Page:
Since then, this airline has had the opportunity to learn a lot about me. They know where I live, where I fly from, where I usually fly to, and where I like to sit on the plane. In general, I’ve found their customer service to be quite good whether at the airport, via call center and even through social channels. They email me occasionally, and when they do, they demonstrate that they know me by promoting deals for flights from where I live to places that I’d be interested in visiting. And that’s part of why I’m always so puzzled when I visit their website.
Does this company with the great service, customer friendly policies, and clean planes demonstrate that they know me at all when I visit their website? The answer is no. Even when I log in using my loyalty program credentials, it’s pretty obvious that they’re presenting the same old home page and same old offers to every single one of their site visitors. I mean, those promotional offers that they’re featuring so prominently -- they’re for flights that originate thousands of miles from where I live! There’s no way I’d ever book one of those flights and I’m sure I’m not the only one of their customers to feel that way.
My reason for recounting this story is not to pick on the one customer experience flaw I've noticed with this particular airline, in fact, they do so many things right that I’ll continue to fly with them. But I did want to illustrate just how glaringly obvious it is to customers today when a touch point they have with a brand is impersonal, unconnected and out of sync. As someone who’s spent a number of years in the web experience management and online marketing space, it particularly peeves me when that out of sync touch point is a brand’s website, perhaps because I know how important it is to make a customer’s online experience relevant and how many powerful tools are available for making a relevant experience a reality.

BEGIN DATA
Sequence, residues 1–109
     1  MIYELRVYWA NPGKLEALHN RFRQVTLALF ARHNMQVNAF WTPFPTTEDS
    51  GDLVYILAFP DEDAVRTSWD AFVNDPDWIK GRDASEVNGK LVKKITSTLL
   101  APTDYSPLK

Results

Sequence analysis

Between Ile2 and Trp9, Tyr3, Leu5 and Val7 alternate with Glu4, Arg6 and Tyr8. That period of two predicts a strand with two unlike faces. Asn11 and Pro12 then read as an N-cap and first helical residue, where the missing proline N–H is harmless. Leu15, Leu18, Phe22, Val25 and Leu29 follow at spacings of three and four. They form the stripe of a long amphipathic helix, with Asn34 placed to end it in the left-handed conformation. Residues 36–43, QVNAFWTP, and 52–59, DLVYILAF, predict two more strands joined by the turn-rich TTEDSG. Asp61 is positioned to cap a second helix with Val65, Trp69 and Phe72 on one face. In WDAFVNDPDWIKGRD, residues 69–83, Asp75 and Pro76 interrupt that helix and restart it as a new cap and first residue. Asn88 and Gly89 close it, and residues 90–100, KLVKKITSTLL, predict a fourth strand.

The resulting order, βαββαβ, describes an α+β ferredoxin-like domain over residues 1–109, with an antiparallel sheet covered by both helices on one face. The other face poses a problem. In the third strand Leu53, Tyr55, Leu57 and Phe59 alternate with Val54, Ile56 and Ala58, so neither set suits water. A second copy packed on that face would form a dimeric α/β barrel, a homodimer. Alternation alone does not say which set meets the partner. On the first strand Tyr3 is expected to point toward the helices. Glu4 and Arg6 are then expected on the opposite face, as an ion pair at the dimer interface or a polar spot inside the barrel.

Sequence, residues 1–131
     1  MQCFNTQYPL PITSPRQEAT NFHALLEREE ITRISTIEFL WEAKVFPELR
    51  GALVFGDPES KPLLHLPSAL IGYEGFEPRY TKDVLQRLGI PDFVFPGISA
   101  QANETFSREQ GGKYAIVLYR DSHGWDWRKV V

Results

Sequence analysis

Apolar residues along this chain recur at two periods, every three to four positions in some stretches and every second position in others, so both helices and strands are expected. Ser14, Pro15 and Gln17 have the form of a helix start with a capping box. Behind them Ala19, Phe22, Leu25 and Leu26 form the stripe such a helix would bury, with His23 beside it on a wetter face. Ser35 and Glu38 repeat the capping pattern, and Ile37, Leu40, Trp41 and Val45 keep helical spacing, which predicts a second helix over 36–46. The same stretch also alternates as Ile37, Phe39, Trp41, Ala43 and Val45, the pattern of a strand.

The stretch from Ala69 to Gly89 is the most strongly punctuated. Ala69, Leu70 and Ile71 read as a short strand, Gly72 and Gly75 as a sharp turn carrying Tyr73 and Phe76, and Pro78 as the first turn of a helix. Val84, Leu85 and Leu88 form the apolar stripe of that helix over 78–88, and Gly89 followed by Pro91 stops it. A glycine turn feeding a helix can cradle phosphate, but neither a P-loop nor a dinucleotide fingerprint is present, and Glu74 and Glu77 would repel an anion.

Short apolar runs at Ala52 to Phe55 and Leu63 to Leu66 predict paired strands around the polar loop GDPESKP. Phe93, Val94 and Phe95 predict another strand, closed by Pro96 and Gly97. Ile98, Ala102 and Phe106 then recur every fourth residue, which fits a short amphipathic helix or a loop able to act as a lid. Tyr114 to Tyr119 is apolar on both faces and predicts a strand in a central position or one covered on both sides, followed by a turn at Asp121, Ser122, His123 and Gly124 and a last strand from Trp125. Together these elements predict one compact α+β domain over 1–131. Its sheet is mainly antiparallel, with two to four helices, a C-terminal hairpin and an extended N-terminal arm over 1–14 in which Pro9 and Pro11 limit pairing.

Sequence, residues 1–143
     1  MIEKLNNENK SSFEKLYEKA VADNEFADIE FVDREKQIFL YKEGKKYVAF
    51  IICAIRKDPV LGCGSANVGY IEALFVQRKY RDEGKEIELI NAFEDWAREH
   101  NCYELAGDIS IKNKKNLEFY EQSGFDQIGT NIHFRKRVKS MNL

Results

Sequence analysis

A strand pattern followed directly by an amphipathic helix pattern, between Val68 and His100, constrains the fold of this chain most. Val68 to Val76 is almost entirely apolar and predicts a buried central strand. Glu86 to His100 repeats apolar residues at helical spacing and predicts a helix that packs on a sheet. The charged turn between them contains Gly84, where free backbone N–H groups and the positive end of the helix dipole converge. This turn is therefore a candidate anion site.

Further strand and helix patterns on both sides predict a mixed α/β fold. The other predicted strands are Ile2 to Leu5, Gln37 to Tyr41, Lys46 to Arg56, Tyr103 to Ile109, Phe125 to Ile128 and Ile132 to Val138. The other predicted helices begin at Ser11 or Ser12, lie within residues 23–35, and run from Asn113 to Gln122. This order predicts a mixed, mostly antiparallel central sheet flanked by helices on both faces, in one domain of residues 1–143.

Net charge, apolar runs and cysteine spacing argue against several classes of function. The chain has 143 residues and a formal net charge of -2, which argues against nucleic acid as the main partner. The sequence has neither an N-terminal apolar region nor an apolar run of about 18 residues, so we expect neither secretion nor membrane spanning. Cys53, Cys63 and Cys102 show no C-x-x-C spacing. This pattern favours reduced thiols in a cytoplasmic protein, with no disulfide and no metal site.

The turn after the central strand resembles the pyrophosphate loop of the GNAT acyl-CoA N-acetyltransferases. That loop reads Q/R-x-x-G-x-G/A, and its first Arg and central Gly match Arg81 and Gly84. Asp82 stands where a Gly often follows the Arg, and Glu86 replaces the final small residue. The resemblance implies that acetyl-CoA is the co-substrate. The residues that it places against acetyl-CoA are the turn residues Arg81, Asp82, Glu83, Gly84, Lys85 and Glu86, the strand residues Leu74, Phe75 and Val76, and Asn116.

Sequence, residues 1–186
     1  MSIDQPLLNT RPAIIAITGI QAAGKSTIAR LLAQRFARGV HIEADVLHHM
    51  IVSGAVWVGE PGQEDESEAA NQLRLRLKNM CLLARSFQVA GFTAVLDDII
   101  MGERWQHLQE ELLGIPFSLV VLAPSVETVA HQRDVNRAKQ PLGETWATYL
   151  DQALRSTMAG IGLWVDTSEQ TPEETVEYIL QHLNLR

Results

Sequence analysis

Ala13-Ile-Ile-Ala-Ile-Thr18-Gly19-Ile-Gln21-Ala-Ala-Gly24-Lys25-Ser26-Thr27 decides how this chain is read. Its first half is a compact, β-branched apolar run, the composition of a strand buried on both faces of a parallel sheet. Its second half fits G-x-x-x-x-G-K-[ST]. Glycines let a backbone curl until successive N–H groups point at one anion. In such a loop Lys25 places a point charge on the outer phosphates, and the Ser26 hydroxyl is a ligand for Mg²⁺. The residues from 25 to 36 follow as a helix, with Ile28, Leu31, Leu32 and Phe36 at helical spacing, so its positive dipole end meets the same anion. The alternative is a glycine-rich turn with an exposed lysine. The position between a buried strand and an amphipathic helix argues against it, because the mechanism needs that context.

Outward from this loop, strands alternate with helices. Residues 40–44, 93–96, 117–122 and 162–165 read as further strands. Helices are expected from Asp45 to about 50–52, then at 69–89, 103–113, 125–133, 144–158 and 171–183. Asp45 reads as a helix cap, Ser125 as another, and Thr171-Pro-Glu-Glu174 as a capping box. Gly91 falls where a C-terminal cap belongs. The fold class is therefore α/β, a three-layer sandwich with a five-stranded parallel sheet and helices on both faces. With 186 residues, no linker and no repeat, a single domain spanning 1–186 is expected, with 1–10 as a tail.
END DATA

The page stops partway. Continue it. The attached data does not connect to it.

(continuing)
The fact is, delivering a one-size-fits-all online customer experience is no longer acceptable or particularly effective in today’s world. Today’s savvy customers expect you to know who they are and to understand their preferences, behavior and relationship with your brand. Not only do they expect you to know about them, but they also expect you to demonstrate this knowledge across all of their touch points with your brand in a consistent and compelling fashion, whether it be on your traditional website, your mobile web presence or through various social channels.
Delivering the kind of personalized online experiences that customers want can have tremendous business benefits. This is not just about generating feelings of goodwill and higher customer satisfaction ratings either. More relevant and personalized online experiences boost the effectiveness of online marketing initiatives and the statistics prove this out. Personalized web experiences can help increase online conversion rates by 70% -- that’s a huge number.1 And more than three quarters of consumers indicate that they’ve made additional online purchases based on personalized product recommendations.2
Now if only this airline would get on board with delivering a more personalized online customer experience. I’d certainly be happier and more likely to spring for one of their promotional offers. And by targeting relevant offers on their home page to appropriate segments of their site visitors, I bet they’d be happier and generating additional revenue too.